Berengaria of Navarre was the Queen of England who never set foot in the country while she was queen. She was probably born in the 1160s and was the eldest daughter of King Sancho VI of Navarre and his wife, Sanchia of Castile. In England, the heir to the throne, Prince Richard, known as Richard the Lionheart, had been betrothed to Alys of France, but that was doomed once Alys became Richard’s father’s mistress. After Richard’s father died, he became King of England, and his mother, Eleanor, Duchess-Regnant of Aquitaine, loved the idea of a marriage between Berengaria and her son, Richard.

In 1185, Berengaria was gifted the fief of Montreal, probably because everyone knew a betrothal to Richard was coming. Richard sent his mother to fetch Berengaria, and Eleanor of Aquitaine met Berengaria and her father, after which they celebrated the betrothal with a banquet. All this time, they were trying to keep this new betrothal from Alys of France’s brother, the King of France. The king of France tried to make Richard marry Alys, but Richard refused, because Alys may have been his father’s mistress. If Alys of France had really had an affair with Richard’s father—and there were even rumors that she’d had a child with him—it’d be impossible for Richard and Alys to marry, so the betrothal to Alys was over, leaving Berengaria as the next best bride for Richard. His mother, Eleanor of Aquitaine, already supported the match, so there was no way they couldn’t get married now.

Berengaria and Eleanor of Aquitaine had their own crossing of the Alps and arrived in Sicily. Berengaria was left in Richard’s widowed sister Joan’s care, and they set off for the Holy Land to meet Richard because of course, Richard was crusading. Berengaria and Joan’s ship accidentally landed in Cyprus, where the island’s ruler was not quite friendly to them. Richard had to run to Cyprus, overthrow the Emperor of Cyprus, and, while he was there, he and Berengaria married on May 12th, 1191. She was immediately crowned Queen of England, although she was in Cyprus at the time.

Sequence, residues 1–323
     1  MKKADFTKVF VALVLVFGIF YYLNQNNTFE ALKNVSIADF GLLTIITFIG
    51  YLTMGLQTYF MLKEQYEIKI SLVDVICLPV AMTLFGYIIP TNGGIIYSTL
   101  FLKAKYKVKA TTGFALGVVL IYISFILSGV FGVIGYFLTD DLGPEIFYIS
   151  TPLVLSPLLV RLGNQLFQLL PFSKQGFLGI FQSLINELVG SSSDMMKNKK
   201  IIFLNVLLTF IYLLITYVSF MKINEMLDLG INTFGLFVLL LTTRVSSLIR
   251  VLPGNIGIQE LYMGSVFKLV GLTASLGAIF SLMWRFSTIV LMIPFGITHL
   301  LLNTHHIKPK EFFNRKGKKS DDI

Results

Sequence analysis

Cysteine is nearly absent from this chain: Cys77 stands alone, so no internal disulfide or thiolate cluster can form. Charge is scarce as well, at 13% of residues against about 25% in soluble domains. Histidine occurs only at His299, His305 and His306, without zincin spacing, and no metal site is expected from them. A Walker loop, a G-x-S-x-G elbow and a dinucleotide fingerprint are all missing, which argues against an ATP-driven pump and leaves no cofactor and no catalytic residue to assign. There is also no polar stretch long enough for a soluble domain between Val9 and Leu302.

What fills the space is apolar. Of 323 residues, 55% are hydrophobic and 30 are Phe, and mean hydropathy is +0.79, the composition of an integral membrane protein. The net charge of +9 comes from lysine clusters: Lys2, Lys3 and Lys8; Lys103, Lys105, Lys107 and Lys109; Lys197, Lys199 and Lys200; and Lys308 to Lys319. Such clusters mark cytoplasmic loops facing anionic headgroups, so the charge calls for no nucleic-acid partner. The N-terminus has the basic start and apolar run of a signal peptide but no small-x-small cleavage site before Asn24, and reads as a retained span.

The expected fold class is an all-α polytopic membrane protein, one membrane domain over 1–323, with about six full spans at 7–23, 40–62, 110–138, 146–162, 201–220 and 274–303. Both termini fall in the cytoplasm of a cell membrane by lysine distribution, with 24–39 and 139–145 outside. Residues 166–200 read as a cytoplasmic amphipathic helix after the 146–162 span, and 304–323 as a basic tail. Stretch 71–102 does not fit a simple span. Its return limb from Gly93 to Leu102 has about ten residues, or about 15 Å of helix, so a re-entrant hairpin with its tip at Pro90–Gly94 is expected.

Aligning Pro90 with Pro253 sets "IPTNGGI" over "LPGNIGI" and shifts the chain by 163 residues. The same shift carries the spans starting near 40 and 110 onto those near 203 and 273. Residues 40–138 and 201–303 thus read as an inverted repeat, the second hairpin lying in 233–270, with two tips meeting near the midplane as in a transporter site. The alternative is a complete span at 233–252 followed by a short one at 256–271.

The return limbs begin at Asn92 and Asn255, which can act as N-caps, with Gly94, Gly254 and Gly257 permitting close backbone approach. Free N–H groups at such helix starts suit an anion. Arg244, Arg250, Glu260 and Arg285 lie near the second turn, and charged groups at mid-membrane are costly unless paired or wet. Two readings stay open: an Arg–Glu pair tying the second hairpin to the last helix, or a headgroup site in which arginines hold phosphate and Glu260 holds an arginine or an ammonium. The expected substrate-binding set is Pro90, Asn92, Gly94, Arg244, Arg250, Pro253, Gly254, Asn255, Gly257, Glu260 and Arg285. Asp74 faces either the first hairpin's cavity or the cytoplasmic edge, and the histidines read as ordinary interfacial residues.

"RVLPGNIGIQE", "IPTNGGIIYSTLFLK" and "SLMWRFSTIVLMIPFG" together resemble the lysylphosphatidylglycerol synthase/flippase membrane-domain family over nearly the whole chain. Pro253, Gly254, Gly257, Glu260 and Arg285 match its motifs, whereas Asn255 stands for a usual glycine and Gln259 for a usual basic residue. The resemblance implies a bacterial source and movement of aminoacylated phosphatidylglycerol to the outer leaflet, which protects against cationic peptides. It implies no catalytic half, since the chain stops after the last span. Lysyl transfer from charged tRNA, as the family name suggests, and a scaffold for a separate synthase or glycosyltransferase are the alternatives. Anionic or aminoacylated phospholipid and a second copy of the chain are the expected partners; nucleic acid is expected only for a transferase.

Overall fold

Richard took his new wife with him to Acre while he was on the Third Crusade, and they were accompanied by his sister, Joan. It was quite dangerous for them to stay in the Holy Land, and after a few months, they left for Europe. While Richard was on his way back to Europe, though, he was captured, and, along with her mother-in-law, Berengaria helped raise money for Richard’s very high ransom, while traveling Europe at the same time. Eventually, Richard was released and returned to England, but even though Berengaria was Queen of England, she didn’t go to England with her husband. Neither of them spent a lot of time in England while they ruled it—Berengaria never set foot in the country, while Richard only spent six months there.

Richard spent so much time away from his wife that the Pope ordered him to spend some more time with Berengaria. Richard couldn’t disobey the Pope’s orders, so he and Berengaria went to church together every week. A few years later, in 1199, Richard died. He’d been shot by an arrow and died in his mother’s arms. Berengaria was very saddened by the loss of her husband, but her life went on.

Even though she never visited England during her husband’s reign, she may have visited after her husband’s death, in the 1220s. She was supposed to be paid a pension, as she was the dowager queen, but Richard’s brother, the new king, never paid. Berengaria’s nephew finally ended up paying her.

After traveling around Europe for so many years, Berengaria finally settled in Le Mans, France, where she lived the next few years quietly. She was called “a most praiseworthy widow”, but because her husband’s brother barely paid her anything, she also lived quite poorly, but did what she wanted to do and founded a monastery, and was buried in the abbey. She did not get to see the abbey completed and died on December 23rd, 1230.

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